October, 2012

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Which PR Efforts Turn Into Book Sales Take two…


—  By Amy the Meanie —

For several years now, I have watched authors focus their PR efforts on TV and Radio.  TV and Radio are wonderful tools for advancing the author’s name and message. They are a great way to get the author “out there” and help them become an acknowledged expert in their field.

But very little TV and Radio turns into book sales.  Local morning shows are perfect for the author trying to get national media and speaking engagements.  Local morning TV and radio shows showcase them beautifully.

But in my experience, they do not sell many books.

Readers read.  If you want to really move books, go where folks are reading. Magazines, newspapers, newsletter, online, blogs, news sites, etc.  These are the sites where a reader sees an author’s potential and message, can write down or click over to the book mentioned and either buy it or file it away for a future purchase.

How many folks in their cars on the way to work can write down an author’s name?

There are exceptions of course!  Imus, NPR, Ellen, Oprah… but let’s take a look at some numbers.

Below are some stories and numbers in my recent experience that support my opinion about print and online vs. TV and Radio.  Each of the books mentioned below are beautifully designed, appropriately priced for the marketplace, well written and professionally edited non-fiction books.  They look like any other book on a bookstore shelf.  They are all published by micro-publishers or self-published.

Last year, a New York Times bestselling author/client in my distribution company roster self-published a non-fiction book.  He had the pedigree, the press.  He was on 60 MINUTES.  That week, he sold 113 books.  He was on NPR.  That week, he sold 121 books.  He was in the New York Times and sold 567 books.

Another client of mine was on the 700 Club last month.  She sold 3 books.  3.  Two months before, another 700 Club guest who was an author in my distribution company sold 6.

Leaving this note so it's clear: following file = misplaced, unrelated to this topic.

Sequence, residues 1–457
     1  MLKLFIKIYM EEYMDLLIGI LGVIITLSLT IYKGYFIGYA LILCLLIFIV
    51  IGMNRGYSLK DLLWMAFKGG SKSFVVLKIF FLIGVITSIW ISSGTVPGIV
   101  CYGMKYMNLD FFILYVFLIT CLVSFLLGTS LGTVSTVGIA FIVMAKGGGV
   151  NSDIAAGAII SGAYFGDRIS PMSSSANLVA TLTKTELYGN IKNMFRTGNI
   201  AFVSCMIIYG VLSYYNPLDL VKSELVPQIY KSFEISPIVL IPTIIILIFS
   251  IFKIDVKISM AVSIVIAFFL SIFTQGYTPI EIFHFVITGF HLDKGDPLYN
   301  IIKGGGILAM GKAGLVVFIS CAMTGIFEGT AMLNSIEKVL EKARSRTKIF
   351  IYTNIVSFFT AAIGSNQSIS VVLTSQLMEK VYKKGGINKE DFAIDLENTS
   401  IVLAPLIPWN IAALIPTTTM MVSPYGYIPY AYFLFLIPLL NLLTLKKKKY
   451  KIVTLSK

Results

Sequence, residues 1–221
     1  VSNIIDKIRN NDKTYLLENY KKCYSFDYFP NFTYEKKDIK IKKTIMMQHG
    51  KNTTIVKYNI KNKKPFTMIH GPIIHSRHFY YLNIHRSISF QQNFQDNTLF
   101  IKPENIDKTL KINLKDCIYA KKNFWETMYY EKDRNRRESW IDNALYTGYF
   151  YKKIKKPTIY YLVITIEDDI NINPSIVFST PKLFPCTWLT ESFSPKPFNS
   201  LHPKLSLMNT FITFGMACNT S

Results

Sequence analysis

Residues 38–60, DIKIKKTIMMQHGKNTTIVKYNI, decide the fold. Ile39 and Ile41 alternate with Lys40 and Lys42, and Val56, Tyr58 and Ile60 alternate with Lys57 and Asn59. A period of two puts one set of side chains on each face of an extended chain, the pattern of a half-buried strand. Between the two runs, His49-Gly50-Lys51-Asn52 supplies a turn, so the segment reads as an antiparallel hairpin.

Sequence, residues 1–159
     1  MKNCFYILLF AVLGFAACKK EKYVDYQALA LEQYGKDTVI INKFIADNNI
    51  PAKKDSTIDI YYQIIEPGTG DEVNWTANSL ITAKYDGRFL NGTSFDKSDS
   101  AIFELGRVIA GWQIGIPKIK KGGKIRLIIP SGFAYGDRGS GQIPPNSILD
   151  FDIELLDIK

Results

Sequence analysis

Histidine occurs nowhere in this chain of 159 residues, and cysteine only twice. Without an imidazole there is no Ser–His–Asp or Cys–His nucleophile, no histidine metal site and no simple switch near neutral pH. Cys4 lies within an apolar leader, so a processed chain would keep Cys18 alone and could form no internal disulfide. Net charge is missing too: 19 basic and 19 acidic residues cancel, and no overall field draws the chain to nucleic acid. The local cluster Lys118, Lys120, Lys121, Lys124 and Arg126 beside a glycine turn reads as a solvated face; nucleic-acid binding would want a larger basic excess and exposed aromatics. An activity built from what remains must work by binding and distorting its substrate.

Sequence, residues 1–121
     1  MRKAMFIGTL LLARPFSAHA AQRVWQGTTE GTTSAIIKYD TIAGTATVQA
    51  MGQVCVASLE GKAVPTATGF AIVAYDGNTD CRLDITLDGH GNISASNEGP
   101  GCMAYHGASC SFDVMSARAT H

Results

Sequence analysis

I have had over a dozen clients on local morning talk shows this summer. None have sold more than a 21 books that week.

This is not to discourage you from hiring and working a strong PR plan.  Just the opposite!  Let’s look at a few other numbers.

An author with a personal finance book was in the Roanoke newspaper a few months ago.  Sold 57 copies THAT DAY.

Another author (business leadership book) was in the Louisville Courier last week.  She sold over 40 books that day.

Readers read.  If you are trying to launch your media and speaking career, than please focus on TV and Radio. But if you trying to sell books, please consider an on-line and print heavy focus to start.

Readers read.  You’re reading this aren’t you?

For more information and guidance on how to affect book sales, please visit www.newshelves.com or email info@newshelves.com

See how that worked?  Couldn’t do that on the TV!


Distributors vs. Wholesalers


What is the difference between WHOLESALERS and DISTRIBUTORS?

A Distributor will sell and promote your books to the bookstores and libraries. They will have reps contact the stores and wholesalers who are most likely to want your book and pitch them the merits of your title.

A wholesaler has a warehouse and is a passive company that will purchase books from you, and then resell the books. They do not pitch your books, they wait and handle incoming orders only.

A distributor also has a warehouse.  But they are not passive.  They will store, pick, ship, invoice and collect on your behalf as well as handle customer service and most likely offer sales and marketing services as well. They are not your customer, they work for you.  You give them money in exchange for the services they do for you.

A wholesaler is your customer.  They buy books from you.  Some of the bigger ones are called Ingram, Baker & Taylor, Bookazine, Brodart, New Leaf and Quality.